Calvinistic" Baptists that accept God's sovereign grace in salvation and predestination. In the narrower sense, certain churches and groups have preferred "Sovereign Grace" in their name, rather than using the terms "Calvinism," "Calvinist," or "Reformed Baptist." This includes some who prefer the [16 ] 1644 Baptist Confession of Faith to the 1689 Confession, and who are critical of Covenant theology. [17 ]
All of these groups generally agree with the
Five Points of Calvinism - Total Depravity, Unconditional Election, Limited Atonement, Irresistible Grace, and Perseverance of the Saints. Groups calling themselves "Sovereign Grace Baptists" have been particularly influenced by the writings of John Gill in the 18th century. Among American Baptists who have revived such Calvinist ideas were Rolfe P. Barnard and Henry Mahan, who organised the first [9 ] Sovereign Grace Bible Conference in Ashland, Kentucky in 1954, [18 ] though groups designated as [19 ] Sovereign Grace are not necessarily connected to them. Current status [edit ]
Calvinistic baptist groups presently using the term
Sovereign Grace include the Sovereign Grace Baptist Association, the [8 ] Sovereign Grace Fellowship of Canada, and some among the growing Calvinist strand of Independent Baptists, including several hundred [20 ] Landmark Independent Baptist churches. [21 ] Sovereign Grace Baptist Association of Churches [edit ]
The Sovereign Grace Baptist Association of Churches (SGBA), which was organized in 1984,
sponsors an annual national conference and churches cooperate in missions, publications, retreats, camps and other activities. The Missionary Committee serves under the Executive Committee to screen candidates and recommend them to the churches for support. They currently (2009) are supporting one missionary endeavour. The Publication Committee reviews and approves submissions, and supplies literature to the churches. [8 ] Grace News is published quarterly. A Confession of Faith was adopted in 1991. Membership in the SGBA is open to any Baptist church subscribing to the Constitution and Articles of Faith. There are 12 member churches, half of which are located in Michigan. The association is recognised as an endorsing agent for United States [22 ] military chaplains. [23 ] Sovereign Grace Fellowship of Canada [edit ]
The Sovereign Grace Fellowship of Canada (SGF) is a fellowship for Baptist churches in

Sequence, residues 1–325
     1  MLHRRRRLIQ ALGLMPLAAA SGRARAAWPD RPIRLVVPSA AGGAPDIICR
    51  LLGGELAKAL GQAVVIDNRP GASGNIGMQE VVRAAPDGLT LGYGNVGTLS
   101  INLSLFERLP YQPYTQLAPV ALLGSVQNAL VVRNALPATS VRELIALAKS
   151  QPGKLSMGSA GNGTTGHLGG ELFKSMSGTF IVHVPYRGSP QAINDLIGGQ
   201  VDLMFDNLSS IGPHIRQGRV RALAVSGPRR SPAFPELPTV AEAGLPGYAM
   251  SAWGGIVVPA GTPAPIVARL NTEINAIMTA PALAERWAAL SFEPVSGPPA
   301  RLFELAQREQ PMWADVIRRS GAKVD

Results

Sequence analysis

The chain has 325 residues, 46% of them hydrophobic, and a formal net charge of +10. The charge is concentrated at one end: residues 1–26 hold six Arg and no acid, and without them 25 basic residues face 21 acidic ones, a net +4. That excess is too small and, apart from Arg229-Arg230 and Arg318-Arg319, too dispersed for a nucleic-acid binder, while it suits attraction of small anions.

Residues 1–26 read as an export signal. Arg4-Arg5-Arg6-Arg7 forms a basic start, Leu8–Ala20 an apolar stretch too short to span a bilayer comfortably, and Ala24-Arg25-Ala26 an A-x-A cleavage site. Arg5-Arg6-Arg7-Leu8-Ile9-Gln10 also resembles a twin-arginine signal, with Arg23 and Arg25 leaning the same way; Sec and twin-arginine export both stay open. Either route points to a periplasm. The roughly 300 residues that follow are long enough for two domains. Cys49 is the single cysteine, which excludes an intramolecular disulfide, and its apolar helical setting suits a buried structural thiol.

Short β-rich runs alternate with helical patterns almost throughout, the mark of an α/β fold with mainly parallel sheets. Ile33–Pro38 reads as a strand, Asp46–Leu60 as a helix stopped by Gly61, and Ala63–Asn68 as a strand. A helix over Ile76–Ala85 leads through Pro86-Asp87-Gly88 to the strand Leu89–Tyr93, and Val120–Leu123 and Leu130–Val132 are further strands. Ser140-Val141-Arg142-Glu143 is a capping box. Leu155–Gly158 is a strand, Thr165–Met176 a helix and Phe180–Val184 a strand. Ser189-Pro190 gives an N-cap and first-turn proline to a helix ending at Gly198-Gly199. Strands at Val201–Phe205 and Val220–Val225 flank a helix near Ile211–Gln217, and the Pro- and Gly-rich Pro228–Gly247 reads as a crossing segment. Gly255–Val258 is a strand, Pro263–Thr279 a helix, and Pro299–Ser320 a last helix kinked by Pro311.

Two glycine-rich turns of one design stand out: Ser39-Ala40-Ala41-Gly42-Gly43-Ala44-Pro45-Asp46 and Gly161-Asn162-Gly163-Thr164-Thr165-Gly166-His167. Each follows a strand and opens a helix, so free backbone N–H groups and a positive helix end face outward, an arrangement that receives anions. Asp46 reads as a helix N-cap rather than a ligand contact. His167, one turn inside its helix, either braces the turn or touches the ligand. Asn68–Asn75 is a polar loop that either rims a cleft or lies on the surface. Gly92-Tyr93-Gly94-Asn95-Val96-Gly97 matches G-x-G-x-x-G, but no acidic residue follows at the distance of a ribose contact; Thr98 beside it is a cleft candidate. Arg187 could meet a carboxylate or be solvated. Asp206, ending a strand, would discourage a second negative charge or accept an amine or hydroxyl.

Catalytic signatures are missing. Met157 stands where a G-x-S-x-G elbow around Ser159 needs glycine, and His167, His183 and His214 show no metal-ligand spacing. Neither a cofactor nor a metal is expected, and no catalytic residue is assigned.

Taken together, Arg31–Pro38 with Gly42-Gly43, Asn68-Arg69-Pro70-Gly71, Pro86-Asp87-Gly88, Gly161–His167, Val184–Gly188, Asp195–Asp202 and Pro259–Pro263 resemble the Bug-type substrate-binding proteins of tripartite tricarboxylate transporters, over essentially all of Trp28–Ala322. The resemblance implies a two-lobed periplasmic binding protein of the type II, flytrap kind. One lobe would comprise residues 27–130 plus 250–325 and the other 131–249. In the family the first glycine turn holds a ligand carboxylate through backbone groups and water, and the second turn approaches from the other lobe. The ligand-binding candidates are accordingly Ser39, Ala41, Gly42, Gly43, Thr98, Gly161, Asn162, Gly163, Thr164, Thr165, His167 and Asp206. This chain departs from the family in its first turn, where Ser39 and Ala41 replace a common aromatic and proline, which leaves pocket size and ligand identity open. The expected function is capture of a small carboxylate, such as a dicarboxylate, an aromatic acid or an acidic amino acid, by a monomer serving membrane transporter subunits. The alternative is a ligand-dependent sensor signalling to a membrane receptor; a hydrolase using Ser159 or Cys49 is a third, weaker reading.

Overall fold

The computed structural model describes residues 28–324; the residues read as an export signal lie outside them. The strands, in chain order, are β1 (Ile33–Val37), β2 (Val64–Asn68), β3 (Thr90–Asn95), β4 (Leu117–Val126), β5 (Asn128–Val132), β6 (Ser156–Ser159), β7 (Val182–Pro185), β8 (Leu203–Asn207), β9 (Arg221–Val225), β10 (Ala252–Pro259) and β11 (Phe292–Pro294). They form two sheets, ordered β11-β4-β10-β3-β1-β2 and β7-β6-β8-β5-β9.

Canada holding to either the [24 ] Baptist Confession of 1644 or 1689. SGF had 10 member churches when it was formally inaugurated, located in [25 ] New Brunswick and Ontario. As of 2012, there were 14 churches, including the [26 ] Jarvis Street Baptist Church in Toronto. SGF is one of the Baptist groups associated with the [27 ] Toronto Baptist Seminary and Bible College. [28 ] Sovereign Grace Landmark Independent Baptists [edit ] Landmark in polity as well as Calvinist, there are several hundred Sovereign Grace Landmark Independent Baptist churches. [21 ] See also [edit ] References [edit ] ^ a b c d e f g Ward, Rowland; Humphreys, Robert (1995). Religious Bodies in Australia: A comprehensive Guide (3rd ed.). New Melbourne Press. p. 119. ISBN 978-0-646-24552-2. ^ Leonard, Bill J. (2009). . p. 5. Baptist Questions, Baptist Answers: Exploring the Christian Faith ISBN 978-0-664-23289-4 . Retrieved 2012-11-17. ^ Parsons, Gerald (1988). . Manchester University Press. p. 107. Religion in Victorian Britain: Traditions ISBN 0-7190-2511-7 . Retrieved 2012-11-17. ^ a b c Weaver, C. Douglas (2008). . Mercer University Press. p. 224. In Search of the New Testament Church: The Baptist Story ISBN 0-88146-105-9 . Retrieved 2012-11-17. ^ Van Biema, David (March 12, 2009). "The New Calvinism". Time Magazine . Retrieved 2012-11-17. ^ a b Wills, Gregory (2009). . Oxford University Press. p. 542. Southern Baptist Theological Seminary, 1859-2009 ISBN 0-19-983120-3 . Retrieved 2012-11-17. ^ Lawless, Chuck (2010). . B&H Publishing Group. p. 73. The Great Commission Resurgence: Fulfilling God's Mandate in Our Time ISBN 1-4336-6970-6 . Retrieved 2012-11-17. ^ a b c d e Jonas, William Glenn, ed (2006). . Mercer University Press. p. 273. The Baptist river: essays on many tributaries of a diverse tradition ISBN 0-88146-030-3 . Retrieved 2012-11-17. ^ a b Weaver, C. Douglas (2008). . Mercer University Press. p. 220. In Search of the New Testament Church: The Baptist Story ISBN 0-88146-105-9 . Retrieved 2012-11-17. ^ Brackney, William H. (2009). . Scarecrow Press. p. 473. Historical Dictionary of the Baptists ISBN 0-8108-5622-0 . Retrieved 2012-11-17. ^ a b Music, David W; Richardson, Paul Akers (2008). . "I will sing the wondrous story": a history of Baptist hymnody in North America Mercer University Press. p. 491. ISBN 978-0-86554-948-7 . Retrieved 2012-11-17. ^ Johnson, Robert E. (2010). . Cambridge University Press. p. 358. A Global Introduction to Baptist Churches ISBN 0-521-70170-8 . Retrieved 2012-11-17. ^ Old, Hughes Oliphant (2010). . Wm. B. Eerdmans. p. 228. The Reading and Preaching of the Scriptures in the Worship of the Christian Church, Volume 7: Our Own Time ISBN 0-8028-1771-8 . Retrieved 2012-11-17. ^ a b Chisholm, Hugh, ed. (1910). "Baptist". The Encyclopaedia Britannicavolume=3 (11 ed.). Cambridge: Cambridge University Press. pp. 370–378  ^ a b Weaver, C Douglas (2008). "10. Baptists: An International Movement". In Search of the New Testament Church. Macon: Mercer University Press. p. 224. ISBN 0881461067 ^ Stevenson, William R. (1999). . Oxford University Press. p. 10. Sovereign Grace: The place and significance of Christian freedom in John Calvin's political thought ISBN 0-19-512506-1 . Retrieved 2012-11-17. ^ Brackney, William H. (2009). (2nd ed.). Scarecrow Press. p. 472. Historical Dictionary of the Baptists ISBN 0-8108-5622-0 . Retrieved 2012-11-17. ^ McBeth, H. Leon (1987). . Broadman Press. p. 771. The Baptist Heritage: Four Century of Baptist Witness ISBN 0-8054-6569-3 . Retrieved 2012-11-17. ^ Mead, Frank Spencer; Hill, Samuel S.; Atwood, Craig D. (2001). (11th ed.). Abingdon Press. p. 62. Handbook of Denominations in the United States ISBN 0-687-06983-1 . Retrieved 2012-11-17. ^ Crowley, John G. (1998). . Primitive Baptists of the Wiregrass South: 1815 to the Present University of Florida Press. p. 177. ISBN 978-0-8130-1640-5 . Retrieved 2012-11-17. ^ a b Wardin, Albert W. (2007). . Baptist History and Heritage Society. The Twelve Baptist Tribes in the United States: A historical and statistical analysis ISBN 1-57843-038-0 . Retrieved 2012-11-17. ^ "Sovereign Grace Baptist Association Website: Churches" . Retrieved 2012-11-17. ^ "Armed Forces Chaplains Board Endorsements". US Department of Defense. Archived from the original on 9 July 2011 . Retrieved 2012-11-17. ^ Bramadat, Paul, and Seljak, David (2009). . University of Toronto Press. p. 2008. Christianity and ethnicity in Canada ISBN 0-8020-9584-4 . Retrieved 2012-11-17. ^ "Sovereign Grace Fellowship of Canada Website: Constitution" . Retrieved 2012-11-17. ^ "Sovereign Grace Fellowship of Canada Website: Introduction" . Retrieved 2012-11-17. ^ "Sovereign Grace Fellowship of Canada Website: Member Churches" . Retrieved 2012-11-17. ^ "Toronto Baptist Seminary and Bible College: Mission" . Retrieved 2012-11-17.